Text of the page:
We must accelerate the emphasis on knowledge-intensive industries, and professional services operating in the global creative economy to attract and retain talent and skill.
The Royal Commission into SA’s role in the Nuclear Fuel Cycle, along with the commitment to a carbon-neutral CBD are two such opportunities to be further explored.
Healthy labour markets allow people to find work, and to move easily from work to home, from work to work, and work to home. To move people, goods and information well, we need a well functioning transport network that includes the full suite of transport options including safe and appealing walking and cycling, bus, tram and train that alleviates peak hour congestion, as well as private car and light vehicle options.
Adelaide’s transport system is not yet performing at the level required. In 2013, Adelaide drivers experienced 28% longer travel times, morning peak drivers experienced 50% longer travel times while evening peak drivers experienced 45% longer travel times.
Research by Griffith University confirms that Adelaide has the lowest public transport use for work trips, and the lowest per capita usage rates – having initially fallen behind Brisbane and more recently Perth. RMIT has labelled Adelaide Australia’s ‘car capital’, with the highest rate of car use among the capital cities. Adelaide missed out on the public transport revival that occured in other larger capital cities; public transport mode share stagnated, while both walking and cycling rates declined.
Well functioning transport systems efficiently and affordably manage the distribution of goods, the access of markets to labour, and the ease of people connecting with people. A poor transport network places barriers of cost, time and convenience in the way of people finding work, and businesses finding the right people. And it can act as a roadblock for those considering moving their business to Adelaide.
A well-functioning transport system is not an optional extra, it is essential to build a deeper labour market that fosters resilient economic development and the government must provide for necessary upgrades.
Infrastructure design and delivery is an economic imperative, and business must be invited to more actively partner in planning the state’s strategic infrastructure. This infrastructure includes roads, rail and ports, energy, water and waste, but also social infrastructure to enable better connected and self-reliant communities, and the green infrastructure that can transform urban environments with functional natural systems.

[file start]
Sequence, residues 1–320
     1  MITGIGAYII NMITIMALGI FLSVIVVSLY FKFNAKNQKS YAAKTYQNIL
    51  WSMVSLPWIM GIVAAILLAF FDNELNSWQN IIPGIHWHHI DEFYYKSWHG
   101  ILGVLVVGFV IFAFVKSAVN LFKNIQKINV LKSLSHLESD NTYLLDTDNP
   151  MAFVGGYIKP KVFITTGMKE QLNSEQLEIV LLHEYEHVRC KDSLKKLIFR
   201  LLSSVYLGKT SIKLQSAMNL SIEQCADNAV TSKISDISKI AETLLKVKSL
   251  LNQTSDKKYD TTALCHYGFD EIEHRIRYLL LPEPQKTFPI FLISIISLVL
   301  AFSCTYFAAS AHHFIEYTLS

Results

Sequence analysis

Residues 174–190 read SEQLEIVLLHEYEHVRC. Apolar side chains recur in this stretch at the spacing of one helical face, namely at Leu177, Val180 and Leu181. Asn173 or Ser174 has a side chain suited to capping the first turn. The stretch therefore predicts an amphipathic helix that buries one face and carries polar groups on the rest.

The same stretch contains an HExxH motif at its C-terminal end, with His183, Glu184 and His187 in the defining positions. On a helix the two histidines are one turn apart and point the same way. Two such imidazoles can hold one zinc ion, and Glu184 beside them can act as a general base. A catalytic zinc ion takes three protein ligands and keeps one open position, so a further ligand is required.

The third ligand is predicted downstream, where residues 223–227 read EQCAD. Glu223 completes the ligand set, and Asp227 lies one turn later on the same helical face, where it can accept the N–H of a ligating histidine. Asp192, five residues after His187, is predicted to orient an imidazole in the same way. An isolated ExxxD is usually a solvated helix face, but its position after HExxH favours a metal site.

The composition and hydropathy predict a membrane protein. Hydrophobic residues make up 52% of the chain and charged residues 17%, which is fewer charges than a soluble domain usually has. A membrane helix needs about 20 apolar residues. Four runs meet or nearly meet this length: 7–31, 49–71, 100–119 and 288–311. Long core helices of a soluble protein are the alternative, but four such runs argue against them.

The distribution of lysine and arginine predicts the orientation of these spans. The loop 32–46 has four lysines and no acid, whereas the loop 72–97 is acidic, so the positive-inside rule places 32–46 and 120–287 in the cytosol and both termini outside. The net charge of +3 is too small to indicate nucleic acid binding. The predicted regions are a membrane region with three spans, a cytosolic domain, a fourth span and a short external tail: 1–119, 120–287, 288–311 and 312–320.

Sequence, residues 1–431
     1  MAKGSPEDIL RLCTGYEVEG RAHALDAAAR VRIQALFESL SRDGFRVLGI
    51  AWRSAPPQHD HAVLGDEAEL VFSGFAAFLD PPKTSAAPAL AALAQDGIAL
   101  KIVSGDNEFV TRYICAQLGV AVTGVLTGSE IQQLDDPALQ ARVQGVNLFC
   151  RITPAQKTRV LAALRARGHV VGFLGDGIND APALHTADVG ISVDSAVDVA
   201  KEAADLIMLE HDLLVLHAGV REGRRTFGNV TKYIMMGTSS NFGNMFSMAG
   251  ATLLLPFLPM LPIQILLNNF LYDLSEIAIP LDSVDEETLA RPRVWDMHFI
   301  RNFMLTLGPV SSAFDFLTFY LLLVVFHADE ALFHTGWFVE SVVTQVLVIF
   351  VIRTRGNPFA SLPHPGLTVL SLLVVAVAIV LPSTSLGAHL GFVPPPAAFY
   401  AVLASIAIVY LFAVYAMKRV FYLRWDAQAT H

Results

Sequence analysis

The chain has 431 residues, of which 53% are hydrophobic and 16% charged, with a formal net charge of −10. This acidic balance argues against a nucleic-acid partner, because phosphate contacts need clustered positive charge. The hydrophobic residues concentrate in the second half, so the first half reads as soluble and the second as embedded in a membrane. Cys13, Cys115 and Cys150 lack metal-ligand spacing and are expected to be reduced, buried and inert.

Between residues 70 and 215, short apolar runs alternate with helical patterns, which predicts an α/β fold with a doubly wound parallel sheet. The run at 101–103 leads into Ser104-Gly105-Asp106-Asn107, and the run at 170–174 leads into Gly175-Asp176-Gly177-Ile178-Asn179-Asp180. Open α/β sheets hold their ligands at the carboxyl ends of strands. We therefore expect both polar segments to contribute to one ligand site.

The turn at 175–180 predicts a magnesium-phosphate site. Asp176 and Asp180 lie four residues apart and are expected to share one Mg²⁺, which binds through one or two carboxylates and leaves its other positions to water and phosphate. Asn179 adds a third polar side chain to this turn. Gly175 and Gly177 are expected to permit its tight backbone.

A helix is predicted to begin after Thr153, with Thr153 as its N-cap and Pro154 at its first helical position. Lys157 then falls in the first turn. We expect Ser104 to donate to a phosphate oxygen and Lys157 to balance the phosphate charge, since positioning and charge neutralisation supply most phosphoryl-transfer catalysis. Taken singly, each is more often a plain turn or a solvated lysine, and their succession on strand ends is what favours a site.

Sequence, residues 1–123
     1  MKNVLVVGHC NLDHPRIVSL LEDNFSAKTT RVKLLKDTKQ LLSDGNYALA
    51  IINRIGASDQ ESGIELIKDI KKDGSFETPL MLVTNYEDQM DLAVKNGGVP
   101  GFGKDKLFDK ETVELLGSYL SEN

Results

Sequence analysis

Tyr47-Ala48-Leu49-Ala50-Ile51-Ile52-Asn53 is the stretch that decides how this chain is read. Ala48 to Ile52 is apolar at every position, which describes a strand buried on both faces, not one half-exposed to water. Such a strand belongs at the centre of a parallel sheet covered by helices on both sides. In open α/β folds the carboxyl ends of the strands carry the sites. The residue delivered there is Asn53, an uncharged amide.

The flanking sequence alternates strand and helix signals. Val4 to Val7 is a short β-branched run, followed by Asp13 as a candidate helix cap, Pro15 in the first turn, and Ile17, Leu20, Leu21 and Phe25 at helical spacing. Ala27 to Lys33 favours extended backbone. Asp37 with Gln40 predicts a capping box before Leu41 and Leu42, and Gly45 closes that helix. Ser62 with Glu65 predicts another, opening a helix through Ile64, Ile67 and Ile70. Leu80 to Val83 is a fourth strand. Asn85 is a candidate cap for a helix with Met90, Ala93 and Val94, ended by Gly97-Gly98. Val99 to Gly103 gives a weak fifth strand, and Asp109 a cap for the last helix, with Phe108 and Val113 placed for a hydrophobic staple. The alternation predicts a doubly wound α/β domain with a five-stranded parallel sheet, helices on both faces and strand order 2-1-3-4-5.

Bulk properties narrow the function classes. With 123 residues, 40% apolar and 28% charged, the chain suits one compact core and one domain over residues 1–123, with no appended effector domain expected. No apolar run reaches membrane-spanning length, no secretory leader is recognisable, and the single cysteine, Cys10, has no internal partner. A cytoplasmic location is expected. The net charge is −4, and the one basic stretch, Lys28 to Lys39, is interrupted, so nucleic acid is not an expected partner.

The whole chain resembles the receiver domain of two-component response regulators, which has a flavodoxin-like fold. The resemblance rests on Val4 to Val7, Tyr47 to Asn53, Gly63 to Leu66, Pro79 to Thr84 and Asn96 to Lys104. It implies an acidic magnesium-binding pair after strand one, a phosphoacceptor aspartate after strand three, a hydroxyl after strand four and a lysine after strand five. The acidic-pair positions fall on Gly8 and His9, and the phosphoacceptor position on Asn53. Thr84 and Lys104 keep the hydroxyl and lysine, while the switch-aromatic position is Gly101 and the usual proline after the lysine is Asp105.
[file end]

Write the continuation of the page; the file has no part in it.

Adelaide’s urban growth, it’s economic development and continuing quality of life depend on more integrated planning of where people live and work, and how we get around.
Bring our universities, business, government and communities together to develop a strategy that gives our young people the best opportunities here, and to better leverage our diaspora interstate and overseas.
The Strategy should include;
1. Develop a meaningfully engaged network of highly-skilled South Australian expatriates who can be matched with opportunities in Adelaide and to inform expatriates of relevant initiatives, developments and issues, and involve them in events and activities at a deeper level than generic email or online groups.
2. World-class incentives to encourage those who leave the state to retain their assets, holdings and capital here.
3. Together with the universities, build deeper and longer-term relationships with our international students, recognising their value as tomorrow’s trading partners, investors and advocates
4. Be the first state to initiate an integrated ‘Diaspora Action Plan’ linking expatriates to South Australian strength sectors, boost both formal and informal overseas exchange programs, offer greater opportunities for younger people to assume senior leadership positions, and a talent strategy to incubate our best.